Increasingly, leaders with people skills are being elevated to the C-suite. Last year, a survey of business executives by PwC identified hiring and retaining talent as “the most critical growth driver” for any organisation. In a highly competitive labour market, an insight into what makes a workplace and its people tick is crucial.
Ann-Marie Murphy, chief operations and people officer at The Gym Group, should, therefore, have the right skills. She has a background in human resources, joining the company as HR director, having previously held senior people management roles at companies including TUI and New Look.
Ann-Marie Murphy’s CV
Her HR skills and training, she believes, give her a better idea and understanding of how people, both staff and customers, will react to or feel about different areas of the business, whether it’s choosing a new office location, introducing a new policy or even changing the company logo. “Every decision is made with people in mind,” she says.
Given this, the addition of operational management “really wasn’t much of a switch at all,” she suggests. “People are the operation. People are the product.”
Creating a consistent product
The Gym Group initially launched as one gym in Hounslow in 2008. It is now a nationwide chain with 230 sites across the country in locations as far north as Dundee and as far south as Plymouth. Murphy’s role is to ensure that expansion happens sustainably and that the company’s core values are upheld at each of its locations.
“A lot of research goes into deciding where to open a new gym, in terms of costs and [consumer] habits,” Murphy says. “And while every building may be different, we strive to ensure that the same levels of cleanliness, high-quality equipment and customer service are maintained at every one.”
The Gym Group’s strategy is focused on being the “closest and easiest option” for gym goers. Currently, more than half (52.5%) of the UK population is within a 15-minute drive of one of its locations, which are all open 24 hours a day. “Our strategy is to make sure we’re the first gym people think about and we are working towards a goal of eventually being the closest and easiest option for everyone,” she says. “The gyms are 24/7, because we know that everyone has different needs and lifestyles. We’re happy to be able to cater to that.”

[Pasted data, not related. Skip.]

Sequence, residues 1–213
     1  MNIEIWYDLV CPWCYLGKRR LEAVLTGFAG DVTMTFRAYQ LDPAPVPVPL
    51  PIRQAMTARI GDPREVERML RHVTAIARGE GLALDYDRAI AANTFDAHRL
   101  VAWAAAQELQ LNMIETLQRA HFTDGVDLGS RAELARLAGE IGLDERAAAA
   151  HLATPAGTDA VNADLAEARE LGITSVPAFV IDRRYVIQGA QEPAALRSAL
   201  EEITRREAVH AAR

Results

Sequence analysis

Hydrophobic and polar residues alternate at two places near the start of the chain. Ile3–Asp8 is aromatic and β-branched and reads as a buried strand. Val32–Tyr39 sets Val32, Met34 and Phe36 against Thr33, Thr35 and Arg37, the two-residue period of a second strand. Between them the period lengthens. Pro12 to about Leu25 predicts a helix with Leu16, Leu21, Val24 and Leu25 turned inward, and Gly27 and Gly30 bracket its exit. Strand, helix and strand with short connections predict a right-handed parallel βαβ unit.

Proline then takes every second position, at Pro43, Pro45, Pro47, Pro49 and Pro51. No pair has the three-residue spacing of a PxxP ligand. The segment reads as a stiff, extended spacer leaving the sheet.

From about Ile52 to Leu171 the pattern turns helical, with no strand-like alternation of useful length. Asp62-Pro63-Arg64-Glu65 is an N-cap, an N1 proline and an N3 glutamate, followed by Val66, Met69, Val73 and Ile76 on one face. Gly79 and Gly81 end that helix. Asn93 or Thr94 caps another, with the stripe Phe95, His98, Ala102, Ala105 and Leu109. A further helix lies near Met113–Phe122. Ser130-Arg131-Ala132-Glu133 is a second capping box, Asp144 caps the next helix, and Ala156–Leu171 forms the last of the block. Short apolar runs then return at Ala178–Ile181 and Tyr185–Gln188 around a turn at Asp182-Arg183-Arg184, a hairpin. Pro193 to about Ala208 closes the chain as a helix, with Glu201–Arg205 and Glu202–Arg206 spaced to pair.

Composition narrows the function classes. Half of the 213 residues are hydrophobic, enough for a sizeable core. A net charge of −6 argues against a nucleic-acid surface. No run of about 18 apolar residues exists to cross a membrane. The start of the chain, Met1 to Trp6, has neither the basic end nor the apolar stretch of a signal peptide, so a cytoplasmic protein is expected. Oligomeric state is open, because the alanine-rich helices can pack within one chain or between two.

Murphy might be a people person, but she is also “obsessed with numbers”. Any good business introspection, she says, will involve data, with businesses able to learn a lot about their customers if they’re “willing to do the hard work”.
“We pore over feedback and surveys. We see which classes are popular and what times people are coming to the gym. We can then change our strategy according to what people want,” she explains.
Delivering value for money
The Gym Group has also thought carefully, Murphy says, about its branding and colour scheme. The bright, distinctive colours aim to convey a “welcoming and inclusive” message, with accessibility its USP. “We’re affordable and open to anyone, whether they’re a bodybuilder or just someone who is looking to lose a few pounds,” she adds.
Membership prices do vary from location to location. The cheapest monthly membership is available in Blackpool for £14.99, while the most expensive is on London’s Oxford Street, where it costs £35.99, while day passes are available for £6.99. It does not insist that members sign up for a minimum period, believing that flexibility is key.